treatment of mentally ill

Ideas have changed over years for treating and handling people who have mentally problems. One ancient theory holds that abnormal behavior can be explained by the operation of supernatural and magical forces such as devil. In socities that believe in this theory generally practise exorcism, that is the removing of evil that resides in the individual through prayer and countermagic. In some societies, a technique called trephination was used to treat mentailly ill. In this technique a sharp tool was used to make a hole in the skull in order to permit evil\'s spirits to escape from the body. Studies suggest that the operation was not often fatal.
In ancient Greece, abnormal behavior was orginally interpreted as punishment for offences against the gods. Therapy took place in a group of temples in which mental patients were believed to be healed by god. Centuries later, the idea that abnormal behavior was the punishment for offences against the gods was no longer accepted. The Greek physician Hippocrates believed that " the brain as the organ of consciousness, thus he thought that deviant thinking and behavior were indictions of some kind of brain pathology" ( Davison & Neale, 1998). Later, serval Greek philosophers, beginning with Socrates, held a more psychological veiw to abnormal behavior.

In mid-nineteenth-century America, the asylum was widely regarded as the symbol of an enlightened and progressive nation that no longer ignored or mistreated its insane citizens. The justification for asylums appeared self-evident: they benefited the community, the family, and the individual by offering effective psychological and medical treatment for acute cases and humane custodial care for chronic cases. In providing for the mentally ill, the state met its ethical and moral responsibilities and, at the same time, contributed to the general welfare by limiting, if not eliminating, the spread of disease and dependency (Porter, 1987; Horwitz, 1977).
Decades later, the world had chagned and so had treatment of the mentailly ill. Indutrialization brought about broader-scale communications and speedier travel. Ideas and theroes were shares more easily and services for the mentally ill grew more freqnet. Resources availabel incrased our knowledge and the image of mentally challenged patients grew even more hospiable and productive than ever. By the 1930\'s, many asylums were turly effective in meeting their benevolent goals.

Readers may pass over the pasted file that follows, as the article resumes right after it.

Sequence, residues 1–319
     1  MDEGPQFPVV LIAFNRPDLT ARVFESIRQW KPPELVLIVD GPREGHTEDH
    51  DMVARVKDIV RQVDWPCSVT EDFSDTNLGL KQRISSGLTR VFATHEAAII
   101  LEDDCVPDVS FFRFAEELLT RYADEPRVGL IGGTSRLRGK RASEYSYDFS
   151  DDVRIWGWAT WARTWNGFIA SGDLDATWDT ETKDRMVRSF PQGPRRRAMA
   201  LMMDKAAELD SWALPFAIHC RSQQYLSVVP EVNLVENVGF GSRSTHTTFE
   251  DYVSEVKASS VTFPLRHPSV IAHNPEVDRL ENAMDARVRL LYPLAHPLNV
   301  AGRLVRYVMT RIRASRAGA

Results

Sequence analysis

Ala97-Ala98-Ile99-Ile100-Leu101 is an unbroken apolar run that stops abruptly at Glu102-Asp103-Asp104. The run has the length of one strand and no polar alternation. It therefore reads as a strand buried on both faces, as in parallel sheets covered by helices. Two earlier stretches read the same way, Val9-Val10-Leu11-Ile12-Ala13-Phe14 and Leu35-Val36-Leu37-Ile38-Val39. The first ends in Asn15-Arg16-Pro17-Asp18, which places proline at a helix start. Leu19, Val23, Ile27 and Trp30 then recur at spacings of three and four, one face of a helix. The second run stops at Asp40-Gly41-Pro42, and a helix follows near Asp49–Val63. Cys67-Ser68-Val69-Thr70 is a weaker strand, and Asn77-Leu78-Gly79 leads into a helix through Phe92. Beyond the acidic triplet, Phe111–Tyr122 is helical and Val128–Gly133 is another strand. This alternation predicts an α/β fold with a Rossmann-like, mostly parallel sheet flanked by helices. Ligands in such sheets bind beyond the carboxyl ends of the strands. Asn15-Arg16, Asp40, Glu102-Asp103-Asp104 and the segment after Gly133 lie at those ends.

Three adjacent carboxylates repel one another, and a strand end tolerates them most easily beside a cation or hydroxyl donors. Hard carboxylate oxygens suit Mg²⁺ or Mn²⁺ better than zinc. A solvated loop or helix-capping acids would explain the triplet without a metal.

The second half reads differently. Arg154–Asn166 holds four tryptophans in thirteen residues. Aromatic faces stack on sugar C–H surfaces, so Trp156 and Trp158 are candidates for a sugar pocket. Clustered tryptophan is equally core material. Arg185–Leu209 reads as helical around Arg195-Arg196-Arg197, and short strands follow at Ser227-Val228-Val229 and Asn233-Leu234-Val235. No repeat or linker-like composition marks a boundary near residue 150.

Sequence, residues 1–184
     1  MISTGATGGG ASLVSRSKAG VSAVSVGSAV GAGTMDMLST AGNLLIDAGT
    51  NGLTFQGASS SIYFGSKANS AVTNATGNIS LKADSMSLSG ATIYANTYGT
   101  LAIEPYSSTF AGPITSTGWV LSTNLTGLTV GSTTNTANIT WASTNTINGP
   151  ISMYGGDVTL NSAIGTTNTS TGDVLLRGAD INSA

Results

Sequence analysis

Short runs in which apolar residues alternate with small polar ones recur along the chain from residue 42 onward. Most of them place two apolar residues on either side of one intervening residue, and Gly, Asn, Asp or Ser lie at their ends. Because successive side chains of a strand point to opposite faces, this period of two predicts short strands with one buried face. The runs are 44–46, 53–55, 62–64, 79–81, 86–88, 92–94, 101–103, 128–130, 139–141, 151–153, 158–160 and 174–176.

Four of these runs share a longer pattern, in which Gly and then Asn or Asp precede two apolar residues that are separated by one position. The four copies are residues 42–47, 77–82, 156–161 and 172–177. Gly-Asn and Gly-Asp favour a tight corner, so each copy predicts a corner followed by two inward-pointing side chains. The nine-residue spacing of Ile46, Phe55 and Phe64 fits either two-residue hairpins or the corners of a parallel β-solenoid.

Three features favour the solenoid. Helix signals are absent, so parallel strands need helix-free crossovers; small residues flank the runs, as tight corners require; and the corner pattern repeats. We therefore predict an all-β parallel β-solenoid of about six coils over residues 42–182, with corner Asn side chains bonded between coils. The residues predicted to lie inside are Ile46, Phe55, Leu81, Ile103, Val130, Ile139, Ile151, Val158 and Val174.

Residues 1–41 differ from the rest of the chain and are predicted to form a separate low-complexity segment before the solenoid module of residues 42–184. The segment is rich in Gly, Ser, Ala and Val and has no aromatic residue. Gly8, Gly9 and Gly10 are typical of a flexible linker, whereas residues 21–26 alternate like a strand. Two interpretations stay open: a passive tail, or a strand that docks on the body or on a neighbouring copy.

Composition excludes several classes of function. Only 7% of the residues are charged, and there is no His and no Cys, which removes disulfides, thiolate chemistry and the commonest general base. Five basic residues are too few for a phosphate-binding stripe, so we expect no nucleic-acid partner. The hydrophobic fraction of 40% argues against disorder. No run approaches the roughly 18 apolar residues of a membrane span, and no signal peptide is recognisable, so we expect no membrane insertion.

After World War II, by contrast, the mental hospital began to be perceived as the
vestigial remnant of a bygone age. Increasingly, the emphasis was on prevention and the provision of care and treatment in the community. Indeed, the prevailing assumption was that traditional mental hospitals would disappear as community alternatives and institutions came into existence. Immediately following the end of the war, a broad coalition of psychiatric and lay activists began a campaign to transform mental health policy. The initial success came in 1946 with the enactment of the National Mental Health Act (Isaac, 1996). This novel law made the federal government an important participant in an arena traditionally reserved for the states.The passage of the Community Mental Health Centers Act in late 1963 (signed into law by President John F. Kennedy just prior to his death) culminated two decades of agitation. The legislation provided federal subsidies for the construction of community mental health centers (CMHCs) that were intended to be the cornerstone of a radically new policy ((Torrey, 1992). In short, these centers were supposed to facilitate early identification of symptoms, offer preventive treatments that would both diminish the incidence of mental disorders and prevent long-term hospitalization, and provide integrated and continuous services to severely mentally ill people in the community. Ultimately, such centers would render traditional mental hospitals obsolete.
Hailed as the forerunners of a new era, CMHCs failed to live up to their promise. Admittedly, appropriations fell far below expectations because of the budgetary pressures engendered by the Vietnam War. More important, CMHCs served a population different from the one originally intended. Most centers made little effort to provide coordinated aftercare services and continuing assistance to severely and persistently mentally ill persons. They preferred to emphasize psychotherapy, an intervention especially adapted to individuals with emotional and personal problems and one that appealed to a professional constituency. Even psychiatrists in community settings reportedly tended to deal with more affluent neurotic patients rather than with severely mentally ill persons (Smith, 1995).
Equally significant,